Do Dolphins receivers ever get as wide open as the Bills’ crew was all day? Do Dolphins quarterbacks ever have all day to sit in the pocket like Josh Allen and Matt Barkley did all day Sunday?

And what of the play calling, which offensive coordinator Chan Gailey acknowledged last week has been more conservative for Tua than when Ryan Fitzpatrick is in the game?

Will Chan Gailey return as OC?

Whether Gailey, who turns 69 on Tuesday, is retained or retires is one of the key offseason questions.

Regarding Gailey and the play calling, Tagovailoa said: “I think me and Chan’s relationship is really good, and our partnership with what I kind of want called and the communication between us I think is really good.

“Just today, I don’t think I put us in a really good situation. With the defense giving us a turnover on the first series and not going down and punching it in, there was a lot of miscommunication on that first drive for us. …

“We need to be better in that aspect of opening up games. First drives, we’ve got to go down and give our team some spark.”

Inexplicably, Gailey waited until the Dolphins fell into a huge deficit to take the reins off Tagovailoa with more uptempo and downfield throws. The change brought an impressive 75-yard touchdown drive to open the second half, but the spate of interceptions followed.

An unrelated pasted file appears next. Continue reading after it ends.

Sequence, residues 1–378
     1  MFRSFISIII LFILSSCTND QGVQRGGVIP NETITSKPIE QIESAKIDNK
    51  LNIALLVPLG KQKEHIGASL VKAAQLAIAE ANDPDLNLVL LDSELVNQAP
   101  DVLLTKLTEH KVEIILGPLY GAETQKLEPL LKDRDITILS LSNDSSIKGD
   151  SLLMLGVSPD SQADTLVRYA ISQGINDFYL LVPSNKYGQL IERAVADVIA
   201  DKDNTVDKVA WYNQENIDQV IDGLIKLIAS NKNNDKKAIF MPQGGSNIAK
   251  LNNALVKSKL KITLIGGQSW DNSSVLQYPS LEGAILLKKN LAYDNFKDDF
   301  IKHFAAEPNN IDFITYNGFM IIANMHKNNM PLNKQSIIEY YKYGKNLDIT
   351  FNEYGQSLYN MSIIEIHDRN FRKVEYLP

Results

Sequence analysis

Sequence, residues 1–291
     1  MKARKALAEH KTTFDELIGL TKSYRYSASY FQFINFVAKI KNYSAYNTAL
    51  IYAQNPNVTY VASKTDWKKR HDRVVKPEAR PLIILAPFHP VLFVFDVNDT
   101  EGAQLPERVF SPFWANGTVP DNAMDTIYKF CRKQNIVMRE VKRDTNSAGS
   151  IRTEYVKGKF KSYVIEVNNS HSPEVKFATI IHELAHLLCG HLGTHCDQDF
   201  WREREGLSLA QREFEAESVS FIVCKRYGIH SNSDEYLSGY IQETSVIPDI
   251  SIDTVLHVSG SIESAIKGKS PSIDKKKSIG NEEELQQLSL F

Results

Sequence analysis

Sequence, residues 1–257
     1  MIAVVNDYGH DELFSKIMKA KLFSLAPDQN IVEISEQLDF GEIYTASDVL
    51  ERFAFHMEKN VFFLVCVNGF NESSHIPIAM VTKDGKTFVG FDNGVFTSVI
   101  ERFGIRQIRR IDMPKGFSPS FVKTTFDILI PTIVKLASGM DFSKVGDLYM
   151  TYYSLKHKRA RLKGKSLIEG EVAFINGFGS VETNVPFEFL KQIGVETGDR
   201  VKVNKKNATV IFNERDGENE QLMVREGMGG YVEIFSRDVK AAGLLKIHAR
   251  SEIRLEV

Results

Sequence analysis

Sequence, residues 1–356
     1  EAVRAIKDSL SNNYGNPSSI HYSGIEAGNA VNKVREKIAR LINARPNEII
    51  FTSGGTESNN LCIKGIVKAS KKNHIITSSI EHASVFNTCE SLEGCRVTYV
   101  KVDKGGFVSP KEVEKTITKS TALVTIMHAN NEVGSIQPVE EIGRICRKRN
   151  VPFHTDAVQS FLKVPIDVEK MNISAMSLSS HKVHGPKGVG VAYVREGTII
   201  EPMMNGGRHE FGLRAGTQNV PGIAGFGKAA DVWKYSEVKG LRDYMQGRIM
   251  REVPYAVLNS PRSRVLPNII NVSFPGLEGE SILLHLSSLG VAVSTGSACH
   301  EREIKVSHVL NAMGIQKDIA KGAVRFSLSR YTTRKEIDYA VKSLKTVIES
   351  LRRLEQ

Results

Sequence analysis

It wasn’t just the shortcomings of an offense short on playmakers that led to the drubbing. The Bills torched Miami’s highly regarded defense and special teams too, producing touchdown in all three phases of the game.

Interceptions by Byron Jones and Xavien Howard (his 10th of the season, tying the franchise record) were the lone highlights for Miami.

“We didn’t play well as a team,” said Flores, who avoided criticism of Tagovailoa while distributing blame, but said, “That includes Tua. He’s got to play better as well. But everyone’s a part of that.

“Look, he’s played well over the course of the season. We as a team have played well. We didn’t have it today.”

Flores, Grier face vital offseason decisions

As much as you want to see your team make the playoffs, it was difficult to root for that after the Dolphins turned in their poorest performance of the season.

On the surface the season-ending shellacking goes down as another in a long line of Dolphins dreams that have died at Buffalo. But the circumstance are different this time.

These Dolphins came farther and faster than was reasonable to expect in the second season of a complete roster reconstruction.

Next season expectations will be higher and the offseason will be about putting talent in place to meet them and avoid bitter endings like this one.

My gut feeling is Tagovailoa will be back as the starter and he will have more weapons at his disposal and a different OC calling the plays.

But as Tua said after the game, “I don’t think I have control over any of those things. I think all I can do is to continue to grow, continue to get better.”

Right, Grier and Flores will make those calls. Their jobs depend on it. They can’t afford not to get it right.

Craig Davis has covered South Florida sports and teams, including the Dolphins, for four decades. Follow him on Twitter @CraigDavisRuns